The garden-level master suite’s dressing closet with oak built-ins and all-marble master bath with diamond-patterned tile floor precede the master bedroom that receives southern exposure from the lower garden.

The second bedroom also accesses that garden. A closeted hall connects to its marble en suite bath with basket weave-patterned tile floor. A sizable storage unit precedes the third bedroom, which the bowfront expands to include a built-in corner-window desk. The en suite bath has a black marble floor and vanity and a subway-tiled shower.

The 1,488-square-foot, $2,975,000 terrace residence at 3 Joy has the master bedroom in the bowfront. The building’s tallest windows, their cast-iron balconies and classic moldings complement a king-size bed for truly regal rest. Augmenting the regality are the roomy dressing closet of built-ins and the marble master bath with diamond-patterned floor.

The full common bath has a basket weave-tiled floor.

The second bedroom boasts a terrace over the garden.

The kitchen lines all oak/laminate cabinets and stainless appliances along a U-shaped quartz counter terminating at a two-level bar. This overlooks the vast living-dining room – light-filled from northwestern corner exposure onto the garden and warmed by an oak-encased black granite fireplace. (This residence’s storage unit is downstairs.)

In the 3,843-square-foot, $6,999,000 penthouse residence at 5 Joy, the living-dining room and library/study are unified as one fluid, sunny space for optimum entertaining, enriched by a stunning bowfront view of the State House’s gold dome, crown and picture-frame moldings, a classic gas fireplace, and oak paneling, bookcases and a window bench. This palatial expanse recurs in the rear: the oak/quartz kitchen’s two-level bar interconnects with the oak-fireplaced family room.

The banquet-sized terrace boasts a majestic skyview from the gardens to Beacon Hill rooftops to Back Bay towers, extending across the Charles River to Cambridge and the Blue Hills.

An oak/granite butler’s pantry links the entertaining arenas and accesses a powder room with marble vanity.

Bedroom luxury abounds on the floor above. The vast master bedroom reprises the terrace view and has separate oak-shelved dressing closets for each partner. The deluxe marble master bath has it all: a diamond-patterned floor, twin-sink vanity, trapezoidal soaking tub, benched walk-in shower and a private water-closet. A common marble shower bath serves the bowfront second bedroom and the abutting bedroom/study.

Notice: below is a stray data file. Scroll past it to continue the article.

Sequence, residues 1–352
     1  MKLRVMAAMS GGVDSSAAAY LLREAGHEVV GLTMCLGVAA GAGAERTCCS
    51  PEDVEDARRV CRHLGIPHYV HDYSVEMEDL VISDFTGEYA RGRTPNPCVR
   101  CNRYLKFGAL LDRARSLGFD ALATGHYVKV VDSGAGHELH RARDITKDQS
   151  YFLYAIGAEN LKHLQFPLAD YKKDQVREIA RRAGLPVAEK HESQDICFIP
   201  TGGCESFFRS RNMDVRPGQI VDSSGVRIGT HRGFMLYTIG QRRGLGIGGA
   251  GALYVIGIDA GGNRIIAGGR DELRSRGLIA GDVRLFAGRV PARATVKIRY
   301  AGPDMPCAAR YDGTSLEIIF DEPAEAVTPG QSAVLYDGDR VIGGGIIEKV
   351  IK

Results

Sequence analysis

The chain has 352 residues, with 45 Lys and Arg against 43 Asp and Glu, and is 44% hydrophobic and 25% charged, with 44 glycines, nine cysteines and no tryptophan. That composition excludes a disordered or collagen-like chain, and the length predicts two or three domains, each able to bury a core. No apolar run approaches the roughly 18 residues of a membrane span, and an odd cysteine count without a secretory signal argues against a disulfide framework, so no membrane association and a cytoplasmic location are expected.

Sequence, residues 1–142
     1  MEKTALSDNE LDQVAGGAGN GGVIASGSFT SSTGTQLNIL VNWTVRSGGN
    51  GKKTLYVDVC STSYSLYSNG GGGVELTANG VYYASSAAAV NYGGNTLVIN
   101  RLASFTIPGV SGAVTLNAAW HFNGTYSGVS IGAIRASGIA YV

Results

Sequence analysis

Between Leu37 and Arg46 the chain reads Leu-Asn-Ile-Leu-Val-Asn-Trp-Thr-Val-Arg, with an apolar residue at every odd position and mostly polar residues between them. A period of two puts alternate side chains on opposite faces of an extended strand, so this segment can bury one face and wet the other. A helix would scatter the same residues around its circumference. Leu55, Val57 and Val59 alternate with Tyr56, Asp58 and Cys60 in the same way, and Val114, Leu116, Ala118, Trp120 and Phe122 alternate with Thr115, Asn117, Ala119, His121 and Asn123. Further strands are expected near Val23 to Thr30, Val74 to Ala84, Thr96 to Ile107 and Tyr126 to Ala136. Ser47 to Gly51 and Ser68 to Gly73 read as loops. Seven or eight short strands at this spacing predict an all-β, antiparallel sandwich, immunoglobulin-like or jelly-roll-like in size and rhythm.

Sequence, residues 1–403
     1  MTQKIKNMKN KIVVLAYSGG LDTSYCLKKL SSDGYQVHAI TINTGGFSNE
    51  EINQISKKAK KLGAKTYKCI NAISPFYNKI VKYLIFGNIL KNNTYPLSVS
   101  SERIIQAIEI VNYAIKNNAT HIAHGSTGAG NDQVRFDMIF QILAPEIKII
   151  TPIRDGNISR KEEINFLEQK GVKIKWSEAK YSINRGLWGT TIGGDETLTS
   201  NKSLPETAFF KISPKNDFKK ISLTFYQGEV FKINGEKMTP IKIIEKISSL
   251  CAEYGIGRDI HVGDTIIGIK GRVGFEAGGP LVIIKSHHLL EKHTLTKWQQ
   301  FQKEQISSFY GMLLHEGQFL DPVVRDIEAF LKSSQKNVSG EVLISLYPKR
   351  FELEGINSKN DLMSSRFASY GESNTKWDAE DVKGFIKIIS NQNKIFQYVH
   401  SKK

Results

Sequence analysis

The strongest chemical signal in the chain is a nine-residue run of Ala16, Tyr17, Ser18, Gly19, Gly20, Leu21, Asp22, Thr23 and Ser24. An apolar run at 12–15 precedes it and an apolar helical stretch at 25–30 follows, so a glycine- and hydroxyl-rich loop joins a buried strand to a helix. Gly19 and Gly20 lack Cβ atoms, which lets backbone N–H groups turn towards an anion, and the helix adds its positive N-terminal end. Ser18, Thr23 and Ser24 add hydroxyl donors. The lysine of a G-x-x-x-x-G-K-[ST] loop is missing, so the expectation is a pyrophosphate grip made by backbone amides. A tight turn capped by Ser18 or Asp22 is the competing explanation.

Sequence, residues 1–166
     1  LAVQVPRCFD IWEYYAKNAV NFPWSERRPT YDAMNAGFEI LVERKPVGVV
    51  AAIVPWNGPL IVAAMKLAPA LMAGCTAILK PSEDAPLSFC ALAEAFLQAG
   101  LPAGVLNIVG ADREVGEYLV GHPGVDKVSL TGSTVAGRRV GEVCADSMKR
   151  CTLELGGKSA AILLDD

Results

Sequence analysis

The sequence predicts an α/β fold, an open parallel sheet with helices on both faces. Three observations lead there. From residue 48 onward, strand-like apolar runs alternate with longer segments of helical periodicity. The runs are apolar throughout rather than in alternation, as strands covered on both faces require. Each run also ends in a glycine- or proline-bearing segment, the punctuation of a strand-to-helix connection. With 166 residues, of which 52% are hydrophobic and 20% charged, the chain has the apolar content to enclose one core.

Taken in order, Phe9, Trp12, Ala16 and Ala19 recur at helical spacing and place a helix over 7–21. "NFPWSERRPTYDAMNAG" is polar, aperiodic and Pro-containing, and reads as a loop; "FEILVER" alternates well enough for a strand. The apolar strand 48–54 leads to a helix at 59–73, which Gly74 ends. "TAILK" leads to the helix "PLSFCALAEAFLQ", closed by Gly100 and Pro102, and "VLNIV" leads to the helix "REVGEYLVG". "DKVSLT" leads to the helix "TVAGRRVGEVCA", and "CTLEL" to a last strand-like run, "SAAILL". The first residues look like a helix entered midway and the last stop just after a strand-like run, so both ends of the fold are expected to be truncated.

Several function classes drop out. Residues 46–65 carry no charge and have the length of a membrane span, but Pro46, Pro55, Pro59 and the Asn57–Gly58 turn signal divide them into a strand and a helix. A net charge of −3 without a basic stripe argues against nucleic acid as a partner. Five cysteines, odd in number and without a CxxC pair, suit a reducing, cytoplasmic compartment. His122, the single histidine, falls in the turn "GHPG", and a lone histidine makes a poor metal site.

The paneled elevator opens to a humongous top-floor game room with a granite/oak wet bar and mini-fridge and a six-window Boston-Cambridge panorama of high-rise altitude, kudos to the nearby crest of Beacon Hill. Off the room are a black marble shower bath and a bedroom with a breathtaking State House dome view and two storage/expansion spaces.

For more information about the home-again history and high-end habitation in store at Joy Beacon Hill, contact Mark Doherty of Campion and Company at 617-645-5888 or mdoherty@campionre.com.

As of press time, offers have been accepted on 4-5 Joy’s terrace residences.

Sources:

- Dole, Charles F. “The Twentieth Century Club of Boston.” National Municipal Review, Vol. 3, Issue 3, July 1914, p. 572. https://onlinelibrary.wiley.com/doi/abs/10.1002/ncr.4110030314

- Hurley, Laura. “Appalachian Mountain Club Announces Sale of Beacon Hill Headquarters.” Be Outdoors / Appalachian Mountain Club, September 26, 2016. https://www.outdoors.org/articles/newsroom/appalachian-mountain-club-announces-sale-of-beacon-hill-headquarters

- McIntyre, A. McVoy. Beacon Hill: A Walking Tour. Boston: Little Brown & Co., 1975.